When a word tends to get used in offensive ways, it is a simply observation that it is being used in such a way. And once people get used to the offensive connotations of a word, it makes sense not to use it any more when we do not want to offend someone.

It seems that the effect you describe only (or mainly?) goes for people, that is to say, if a doctor gives a name to an illness or disease (e.g. "mongoloid" for Down syndrome), once "mongol" got applied as an offensive word, I don't see why it would make sense to insist on continuing to refer to people with the Down syndrome like that. Mostly because the offensive term usually gets a much wider meaning than the original. (The offensive "mongol" implies invariably extremely low brain capacity for instance, which is not applicable to all sufferers of Down syndrome).

With dogs this doesn't seem to happen. A female dog is still called a bitch.

Interestingly, though an English example escapes me at the moment, when the word for an animal goes out of use, the (more or less) offensive nickname for people that derives from it might also disappear - presumably because the link to the original no longer is understood. In Dutch this happened for instance with "kapoen", an "ex-male" chicken. The word was used to describe rowdy boys, but it got out of use, as did the word to designate the incomplete chicken.

Overall, yes. A lot of words that are acceptable today will go out of fashion and even become in some cases unacceptable. Maybe because they change into an offensive meaning, maybe because they get associated with something unsavoury by chance or design (not language, but look what happened to a Hindu symbol representing eternity...).

This is not something to be worried about, it happens all the time, and we will not run out of words. I promise.

Edit:

Surely, you can always come up with new words, but why bother? Can we instead simple not allow to spoil words this way?

If you can come up with a way to prevent people from using the language (any language!) in the way they see fit, be my guest! You will certainly gain great popularity with the prescriptive tribe of the linguist population, but I suspect your battle is lost before you start it.

There is nobody who thinks it's fun to sit around and designate a word as offensive. It is something that happens because the users of the language decide to use the language in that way. I dare say that any attempt to change that behaviour is doomed from the start.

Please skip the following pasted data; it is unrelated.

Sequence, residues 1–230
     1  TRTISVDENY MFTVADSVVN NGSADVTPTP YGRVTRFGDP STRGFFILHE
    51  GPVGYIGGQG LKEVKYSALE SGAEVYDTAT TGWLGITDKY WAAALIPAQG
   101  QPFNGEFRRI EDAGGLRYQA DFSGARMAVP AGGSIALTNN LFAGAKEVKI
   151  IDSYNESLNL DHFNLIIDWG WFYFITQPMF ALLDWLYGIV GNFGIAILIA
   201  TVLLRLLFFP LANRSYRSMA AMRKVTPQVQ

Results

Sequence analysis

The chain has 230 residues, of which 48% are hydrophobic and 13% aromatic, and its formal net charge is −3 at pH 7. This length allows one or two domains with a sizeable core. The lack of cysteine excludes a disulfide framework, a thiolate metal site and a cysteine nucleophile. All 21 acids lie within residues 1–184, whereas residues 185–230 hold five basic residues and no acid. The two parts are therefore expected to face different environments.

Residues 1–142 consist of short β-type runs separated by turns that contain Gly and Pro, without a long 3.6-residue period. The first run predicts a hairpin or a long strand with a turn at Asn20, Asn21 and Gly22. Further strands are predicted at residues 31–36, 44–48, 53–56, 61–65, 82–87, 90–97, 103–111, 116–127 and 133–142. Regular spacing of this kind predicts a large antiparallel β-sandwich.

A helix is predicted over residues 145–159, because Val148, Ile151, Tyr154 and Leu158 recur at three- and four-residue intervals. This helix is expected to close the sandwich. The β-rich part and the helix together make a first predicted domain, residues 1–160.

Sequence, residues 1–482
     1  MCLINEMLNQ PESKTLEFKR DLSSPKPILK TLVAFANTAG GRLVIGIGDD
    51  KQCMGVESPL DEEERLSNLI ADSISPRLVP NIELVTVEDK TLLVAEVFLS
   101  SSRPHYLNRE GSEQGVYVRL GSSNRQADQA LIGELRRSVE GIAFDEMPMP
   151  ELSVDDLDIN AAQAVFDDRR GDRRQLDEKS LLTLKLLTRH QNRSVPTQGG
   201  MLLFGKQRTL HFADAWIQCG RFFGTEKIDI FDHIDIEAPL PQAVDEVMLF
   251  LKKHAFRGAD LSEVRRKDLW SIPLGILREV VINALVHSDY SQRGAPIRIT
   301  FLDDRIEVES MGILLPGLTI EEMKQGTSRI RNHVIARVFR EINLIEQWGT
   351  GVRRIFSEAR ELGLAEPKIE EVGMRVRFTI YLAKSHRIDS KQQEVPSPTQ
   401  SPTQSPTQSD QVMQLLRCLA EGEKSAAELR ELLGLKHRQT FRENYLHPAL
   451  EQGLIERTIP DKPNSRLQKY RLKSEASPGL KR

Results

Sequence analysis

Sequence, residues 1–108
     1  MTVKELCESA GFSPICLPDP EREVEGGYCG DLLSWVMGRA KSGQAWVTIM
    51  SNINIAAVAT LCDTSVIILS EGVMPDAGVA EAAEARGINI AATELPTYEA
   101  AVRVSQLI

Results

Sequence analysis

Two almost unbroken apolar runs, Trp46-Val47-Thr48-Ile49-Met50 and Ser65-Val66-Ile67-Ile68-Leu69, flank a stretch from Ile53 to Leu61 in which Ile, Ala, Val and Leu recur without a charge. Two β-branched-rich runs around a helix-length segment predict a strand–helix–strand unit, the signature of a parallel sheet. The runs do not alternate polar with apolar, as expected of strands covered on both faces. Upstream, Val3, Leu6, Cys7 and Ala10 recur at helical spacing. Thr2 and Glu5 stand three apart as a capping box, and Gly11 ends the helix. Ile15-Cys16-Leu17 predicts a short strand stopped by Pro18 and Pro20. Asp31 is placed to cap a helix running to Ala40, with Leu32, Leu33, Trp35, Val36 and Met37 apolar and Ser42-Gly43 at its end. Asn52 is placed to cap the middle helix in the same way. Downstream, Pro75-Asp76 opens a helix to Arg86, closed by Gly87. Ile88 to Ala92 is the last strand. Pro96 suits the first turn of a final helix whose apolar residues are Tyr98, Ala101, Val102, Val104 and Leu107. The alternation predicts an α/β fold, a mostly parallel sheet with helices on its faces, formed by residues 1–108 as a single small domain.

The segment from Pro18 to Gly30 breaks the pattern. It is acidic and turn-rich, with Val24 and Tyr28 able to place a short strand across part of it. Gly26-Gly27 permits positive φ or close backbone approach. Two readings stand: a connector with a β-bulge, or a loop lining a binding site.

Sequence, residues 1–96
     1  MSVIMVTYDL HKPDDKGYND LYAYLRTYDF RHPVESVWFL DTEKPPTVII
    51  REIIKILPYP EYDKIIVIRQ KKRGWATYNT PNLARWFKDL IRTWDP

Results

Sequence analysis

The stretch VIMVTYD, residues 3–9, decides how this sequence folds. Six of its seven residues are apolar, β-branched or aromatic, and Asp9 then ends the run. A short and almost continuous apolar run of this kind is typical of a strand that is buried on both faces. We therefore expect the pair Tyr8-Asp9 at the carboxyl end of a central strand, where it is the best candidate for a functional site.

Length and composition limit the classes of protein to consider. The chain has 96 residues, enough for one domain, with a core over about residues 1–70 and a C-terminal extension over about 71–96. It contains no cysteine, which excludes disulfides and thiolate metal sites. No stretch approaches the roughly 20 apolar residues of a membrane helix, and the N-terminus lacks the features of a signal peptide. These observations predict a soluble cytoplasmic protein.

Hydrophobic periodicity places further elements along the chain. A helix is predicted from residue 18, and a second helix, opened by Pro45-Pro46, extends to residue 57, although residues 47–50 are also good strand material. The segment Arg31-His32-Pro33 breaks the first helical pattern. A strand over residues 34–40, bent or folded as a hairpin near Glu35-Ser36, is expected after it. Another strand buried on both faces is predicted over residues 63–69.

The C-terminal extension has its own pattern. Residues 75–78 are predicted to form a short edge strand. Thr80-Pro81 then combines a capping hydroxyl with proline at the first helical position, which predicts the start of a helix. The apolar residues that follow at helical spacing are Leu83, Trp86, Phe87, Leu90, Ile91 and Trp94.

(Yes, come in, IT-crowd, with your analogies to your users, who also mess up whatever you give them!)

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Surely, you can always come up with new words, but why bother? Can we instead simple not allow to spoil words this way? So, today I cannot use the official scientific term "negroid" because some redneck hick decided to derive an insult from it? It just doesn't seem the smart thing to do. –  ddriver Feb 7 at 12:55
    
smart? Who do you think "decided" this? It's the users of a language that decide on how to use it. For some, that is a never-ending source of frustration :) –  oerkelens Feb 7 at 13:03
    
On a side note, I know plenty of nice girls who don't mind being referred to as "bitches" :) I even suspect they like it. I guess only a real "bitch" will be offended by the term because she knows it is true :) –  ddriver Feb 7 at 13:05
    
Wat een oen ;) . –  mplungjan Feb 7 at 13:06
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@ddriver: that is a very dangerous guess... –  oerkelens Feb 7 at 13:12

Words become offensive in a few overlapping ways.

They may relate to something that is already thought less of. Sometimes it would be something only thought less of in particular contexts; most of us don't think particularly poorly of dogs, beasts, or cows but we do generally consider some of the traits that humans have that they do not to be valuable in humans.